United Airlines has been under fire since Sunday when a video of a man being forcibly removed, from an United airplane went viral. The man, a doctor, was selected to give up his spot for United employees who needed a seat to work a future flight. When he refused, security officials physically wrestled the screaming man out of his seat and dragged him down the aisle by his arms. His face was bloodied and he seemed dazed.
The ensuing reactions from the public and the vapid and unapologetic response of Munoz, the United Airlines CEO, have since become a PR nightmare for the airline. As a result of the incident, the stock dropped immediately and its value floundered for several days as United attempted to find a way through the mess.
As the largest shareholder of United Airlines, Warren Buffett has been strangely silent on the whole incident. At the time of writing, Buffett owns around 9.2% of the company. As a direct result of the passenger removal scandal and the national and international reactions to the viral video, United’s stock prices dipped sharply immediately after, costing Buffett somewhere in the ballpark of $58.5 million.
Of course, the stock market is nothing if not fickle and even as recent as yesterday, the stock prices had begun to creep back up again, implying that the dip was more of a hiccup than a permanent value drop. Only time will tell whether the public outcry to boycott the company will have any impact or not.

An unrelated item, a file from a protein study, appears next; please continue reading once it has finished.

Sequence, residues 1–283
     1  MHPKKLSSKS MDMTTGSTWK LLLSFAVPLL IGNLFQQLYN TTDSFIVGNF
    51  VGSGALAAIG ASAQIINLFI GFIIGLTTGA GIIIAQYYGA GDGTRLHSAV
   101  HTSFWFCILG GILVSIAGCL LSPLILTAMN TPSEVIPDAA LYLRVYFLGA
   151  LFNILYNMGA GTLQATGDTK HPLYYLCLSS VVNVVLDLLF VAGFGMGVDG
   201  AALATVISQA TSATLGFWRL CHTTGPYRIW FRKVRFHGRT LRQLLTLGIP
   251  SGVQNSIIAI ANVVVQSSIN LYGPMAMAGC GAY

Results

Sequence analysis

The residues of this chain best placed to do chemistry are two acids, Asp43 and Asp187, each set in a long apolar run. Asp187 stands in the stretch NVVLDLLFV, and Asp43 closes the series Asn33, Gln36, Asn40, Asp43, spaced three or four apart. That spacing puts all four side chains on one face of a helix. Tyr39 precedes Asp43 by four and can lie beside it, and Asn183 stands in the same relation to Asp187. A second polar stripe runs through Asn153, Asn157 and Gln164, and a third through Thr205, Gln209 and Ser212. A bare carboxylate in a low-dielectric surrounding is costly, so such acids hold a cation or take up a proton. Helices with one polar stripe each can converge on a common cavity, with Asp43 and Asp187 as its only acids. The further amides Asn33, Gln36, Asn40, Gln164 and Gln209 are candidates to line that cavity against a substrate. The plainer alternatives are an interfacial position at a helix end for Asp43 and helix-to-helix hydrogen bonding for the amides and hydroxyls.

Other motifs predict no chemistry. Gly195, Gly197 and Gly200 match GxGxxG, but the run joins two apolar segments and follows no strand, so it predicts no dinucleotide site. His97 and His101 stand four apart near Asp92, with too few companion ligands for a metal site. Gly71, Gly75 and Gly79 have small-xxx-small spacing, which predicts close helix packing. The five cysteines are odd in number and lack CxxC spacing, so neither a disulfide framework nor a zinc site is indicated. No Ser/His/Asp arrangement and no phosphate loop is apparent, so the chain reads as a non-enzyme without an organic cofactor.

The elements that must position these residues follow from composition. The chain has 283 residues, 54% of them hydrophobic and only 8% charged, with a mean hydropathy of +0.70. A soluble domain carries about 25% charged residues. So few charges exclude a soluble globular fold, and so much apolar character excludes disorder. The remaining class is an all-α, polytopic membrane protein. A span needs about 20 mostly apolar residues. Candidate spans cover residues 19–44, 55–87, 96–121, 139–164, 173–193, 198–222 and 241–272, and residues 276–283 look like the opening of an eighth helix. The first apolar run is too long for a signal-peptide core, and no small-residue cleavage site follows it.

Regardless, this incident brings to light a main failing of airlines which has long kept Buffett out of the market: the volatility of the business. Buffett has been quoted many times in the past saying that airlines are a terrible investment because of their cyclical nature, low returns, and high costs.
However, as we reported late last year, Buffett decided to go ahead and take another shot at owning airlines. At the time of writing, he has significant stock in all four of the major airlines, and he told CNBC in February that he thought that the industry was looking up.
“It’s true that the airlines had a bad 20th century. They’re like the Chicago Cubs. And they got that bad century out of the way, I hope,” Buffett said to CNBC reporters. “The hope is they will keep orders in reasonable relationship to potential demand.”
So far, it doesn’t look like Buffett has been right about airlines. Putting this incident aside, the value of United Airlines has dropped 3% already this year, and the current PR disaster does not bode good things.
However, despite all of this, there hasn’t been any comment from Warren Buffett on the whole incident. As a long term investor, it’s possible Buffett is simply waiting out the storm in the hopes that the price will rise and he can break even. Or maybe he still thinks the industry is a solid one despite the mistakes (after all, he did stick by Wells Fargo during its big scandal). Be sure to check back, as we’ll cover any response Buffett makes.